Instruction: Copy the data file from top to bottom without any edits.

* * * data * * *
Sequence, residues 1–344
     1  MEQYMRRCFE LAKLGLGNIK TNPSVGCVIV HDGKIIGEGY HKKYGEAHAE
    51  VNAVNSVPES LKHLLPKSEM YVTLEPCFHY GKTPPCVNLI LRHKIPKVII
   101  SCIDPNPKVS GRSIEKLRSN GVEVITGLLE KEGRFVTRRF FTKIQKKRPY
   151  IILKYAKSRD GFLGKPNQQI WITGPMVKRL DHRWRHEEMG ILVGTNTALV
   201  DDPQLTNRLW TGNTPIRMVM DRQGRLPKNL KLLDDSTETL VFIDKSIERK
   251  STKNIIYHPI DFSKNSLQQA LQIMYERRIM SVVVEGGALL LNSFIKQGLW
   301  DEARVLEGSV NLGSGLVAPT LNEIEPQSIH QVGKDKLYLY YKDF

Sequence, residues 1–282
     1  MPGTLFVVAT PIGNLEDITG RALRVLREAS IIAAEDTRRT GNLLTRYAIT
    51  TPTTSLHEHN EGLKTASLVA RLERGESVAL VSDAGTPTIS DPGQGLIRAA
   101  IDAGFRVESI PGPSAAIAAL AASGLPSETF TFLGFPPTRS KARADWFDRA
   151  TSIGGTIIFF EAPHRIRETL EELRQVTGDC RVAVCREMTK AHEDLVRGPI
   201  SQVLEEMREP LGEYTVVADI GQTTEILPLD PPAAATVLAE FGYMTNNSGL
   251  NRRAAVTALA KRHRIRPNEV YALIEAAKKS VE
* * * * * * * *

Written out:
Sequence, residues 1–344
     1  MEQYMRRCFE LAKLGLGNIK TNPSVGCVIV HDGKIIGEGY HKKYGEAHAE
    51  VNAVNSVPES LKHLLPKSEM YVTLEPCFHY GKTPPCVNLI LRHKIPKVII
   101  SCIDPNPKVS GRSIEKLRSN GVEVITGLLE KEGRFVTRRF FTKIQKKRPY
   151  IILKYAKSRD GFLGKPNQQI WITGPMVKRL DHRWRHEEMG ILVGTNTALV
   201  DDPQLTNRLW TGNTPIRMVM DRQGRLPKNL KLLDDSTETL VFIDKSIERK
   251  STKNIIYHPI DFSKNSLQQA LQIMYERRIM SVVVEGGALL LNSFIKQGLW
   301  DEARVLEGSV NLGSGLVAPT LNEIEPQSIH QVGKDKLYLY YKDF

Sequence, residues 1–282
     1  MPGTLFVVAT PIGNLEDITG RALRVLREAS IIAAEDTRRT GNLLTRYAIT
    51  TPTTSLHEHN EGLKTASLVA RLERGESVAL VSDAGTPTIS DPGQGLIRAA
   101  IDAGFRVESI PGPSAAIAAL AASGLPSETF TFLGFPPTRS KARADWFDRA
   151  TSIGGTIIFF EAPHRIRETL EELRQVTGDC RVAVCREMTK AHEDLVRGPI
   201  SQVLEEMREP LGEYTVVADI GQTTEILPLD PPAAATVLAE FGYMTNNSGL
   251  NRRAAVTALA KRHRIRPNEV YALIEAAKKS VE